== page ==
title["I often import games from abroad and play them. On such occasions, my imagination is sometimes stimulated more as I don't understand the language.” – Fumito Ueda, creator of Ico and Shadow of the Colossus. 'The Gaijin Restoration' is a weekly examination of underappreciated Eastern games that never cross to Western shores. This week's title is Ganbare Neo Poke-Kun released for the NeoGeo Pocket Color in 2000.]

(Click through to read the full column, including more on this cult portable title.)

A History in 2D
no alt textWhen Sony and Nintendo decided that the Third Dimension was the future (with Sega trying to split the difference with the Saturn) a little company was breathing in the sprites of 2D. SNK, Shin Nihon Kikaku, literally New Japan Product, was plodding on in the arcade and boutique home markets with the NeoGeo. With prices (with inflation an almost negible bullet point) that would make the PlayStation 3 blush, SNK asked the hardcore to put their wallets were their GameFaqs message posts were and succumb to the 2D majesty.

The NeoGeo hardware was all about the animation, enough to make any cel buff hope for Bluth to kick the Laser disc habit and start working on fluid, if low res, exquisite minutia. The anemic 2D of the PlayStation saw stunted Castlevania's and late generation Metal Slug ports, dropping frames. The N64 made some valiant if flawed forays with Mischief Makers and Yoshi's Story. The Saturn rocked the 2D for the generation, but little else. Not until the DreamCast dropped in with Capcom's Street Fighter 3 variations and the beautiful high-rez Guilty Gear did we start seeing consumer level 2D delights. The NeoGeo's ancient RAM carried it for over a decade, before falling to the bump-mapped blade, yakuza business 'pressure', and perhaps Sony's Third Party Approval Process... to be reborn as SNK Playmore.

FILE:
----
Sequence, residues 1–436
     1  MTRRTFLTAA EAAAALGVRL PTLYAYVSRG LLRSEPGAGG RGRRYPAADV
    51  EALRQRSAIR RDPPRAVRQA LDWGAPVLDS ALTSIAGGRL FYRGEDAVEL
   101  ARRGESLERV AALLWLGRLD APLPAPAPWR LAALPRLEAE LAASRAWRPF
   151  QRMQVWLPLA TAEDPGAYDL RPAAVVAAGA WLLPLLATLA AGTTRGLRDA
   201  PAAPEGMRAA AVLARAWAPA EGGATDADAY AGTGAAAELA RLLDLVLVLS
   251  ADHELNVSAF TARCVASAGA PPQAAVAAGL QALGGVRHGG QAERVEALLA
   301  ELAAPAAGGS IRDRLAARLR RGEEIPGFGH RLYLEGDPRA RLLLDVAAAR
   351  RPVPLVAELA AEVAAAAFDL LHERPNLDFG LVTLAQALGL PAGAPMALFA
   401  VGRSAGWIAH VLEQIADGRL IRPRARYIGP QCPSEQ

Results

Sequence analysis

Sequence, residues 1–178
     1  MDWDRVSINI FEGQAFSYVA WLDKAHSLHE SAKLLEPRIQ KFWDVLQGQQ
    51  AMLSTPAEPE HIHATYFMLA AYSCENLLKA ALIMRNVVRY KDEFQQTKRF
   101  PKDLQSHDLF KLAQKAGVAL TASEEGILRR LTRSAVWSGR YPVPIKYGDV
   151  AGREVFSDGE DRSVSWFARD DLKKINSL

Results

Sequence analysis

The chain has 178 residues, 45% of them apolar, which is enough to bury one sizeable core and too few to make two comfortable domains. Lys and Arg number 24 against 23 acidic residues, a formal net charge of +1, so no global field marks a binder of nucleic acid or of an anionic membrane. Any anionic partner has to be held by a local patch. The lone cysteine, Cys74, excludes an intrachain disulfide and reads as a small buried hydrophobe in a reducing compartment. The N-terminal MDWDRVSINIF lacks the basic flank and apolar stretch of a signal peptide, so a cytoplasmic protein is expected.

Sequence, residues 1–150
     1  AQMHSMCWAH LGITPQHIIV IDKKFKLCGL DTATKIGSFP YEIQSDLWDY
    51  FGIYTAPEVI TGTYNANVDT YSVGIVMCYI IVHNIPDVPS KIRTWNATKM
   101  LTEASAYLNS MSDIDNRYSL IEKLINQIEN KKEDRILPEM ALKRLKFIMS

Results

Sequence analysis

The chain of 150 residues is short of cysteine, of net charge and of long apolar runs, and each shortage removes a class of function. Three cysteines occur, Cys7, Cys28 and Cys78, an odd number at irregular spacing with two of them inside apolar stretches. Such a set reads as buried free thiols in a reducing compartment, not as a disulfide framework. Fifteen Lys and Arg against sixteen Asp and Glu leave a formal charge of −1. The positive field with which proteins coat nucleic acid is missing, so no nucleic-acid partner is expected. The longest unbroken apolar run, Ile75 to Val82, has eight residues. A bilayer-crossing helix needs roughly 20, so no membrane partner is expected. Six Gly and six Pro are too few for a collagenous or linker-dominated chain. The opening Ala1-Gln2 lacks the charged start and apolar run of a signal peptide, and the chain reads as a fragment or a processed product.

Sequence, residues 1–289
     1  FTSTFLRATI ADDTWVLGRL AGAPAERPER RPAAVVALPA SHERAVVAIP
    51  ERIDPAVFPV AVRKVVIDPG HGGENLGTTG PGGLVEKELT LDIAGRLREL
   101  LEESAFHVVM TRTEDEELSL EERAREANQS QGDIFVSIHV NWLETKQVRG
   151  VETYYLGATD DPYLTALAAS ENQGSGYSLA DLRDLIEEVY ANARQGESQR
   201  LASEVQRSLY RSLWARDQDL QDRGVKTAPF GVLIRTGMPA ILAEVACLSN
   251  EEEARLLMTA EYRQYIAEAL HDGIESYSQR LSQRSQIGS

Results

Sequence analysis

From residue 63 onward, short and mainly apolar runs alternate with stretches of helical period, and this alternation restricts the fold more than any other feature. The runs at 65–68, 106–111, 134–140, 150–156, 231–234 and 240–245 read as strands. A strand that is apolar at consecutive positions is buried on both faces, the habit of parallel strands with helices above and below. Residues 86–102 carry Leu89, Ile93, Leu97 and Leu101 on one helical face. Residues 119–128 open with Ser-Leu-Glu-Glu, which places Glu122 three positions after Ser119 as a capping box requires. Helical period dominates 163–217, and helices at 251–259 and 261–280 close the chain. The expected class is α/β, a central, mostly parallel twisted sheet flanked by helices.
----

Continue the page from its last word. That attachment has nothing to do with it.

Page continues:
While my lifetime of spent tokens still do not reach the price of NeoGeo-cum-Metal Slug X, I was an early adapter for the NeoGeo Pocket Color (NGPC.) With a generous endcap at EB Games, the rabid SNK fanbase online, and a steady stream of first party titles (made by the very people who designed the hardware) and a generous big brother library to pull from, the NGPC enjoyed a miserly 3% market penetration and ended up doing a Dreamcast pullout.

But along the way I had pulled in a few imports - an Ogre Battle, the fabled British version of Faselei! and most importantly, the post-modern, genre critical, primordial Wario Ware/Tamagotchi-esque, vaguely homosexual collection of minigames Ganbare Neo Poke-Kun.

The Urgame's Game

In a gilded nutshell, Ganbare is the story of a little bug who lives in a one room apartment. He likes to clean, play a little NGPC, and if he's in the mood, get out for a stretch and build some minigames. The minigames are a pure survey of electric screen ludology, starting out with various Pong clones (Space War may get shunned, but its grandchildren represents in spades.) But they aren't straight up Pong or Breakout. Little tiny subersive subversions have been rippled into all of the simulacrum, small What-If scenarios.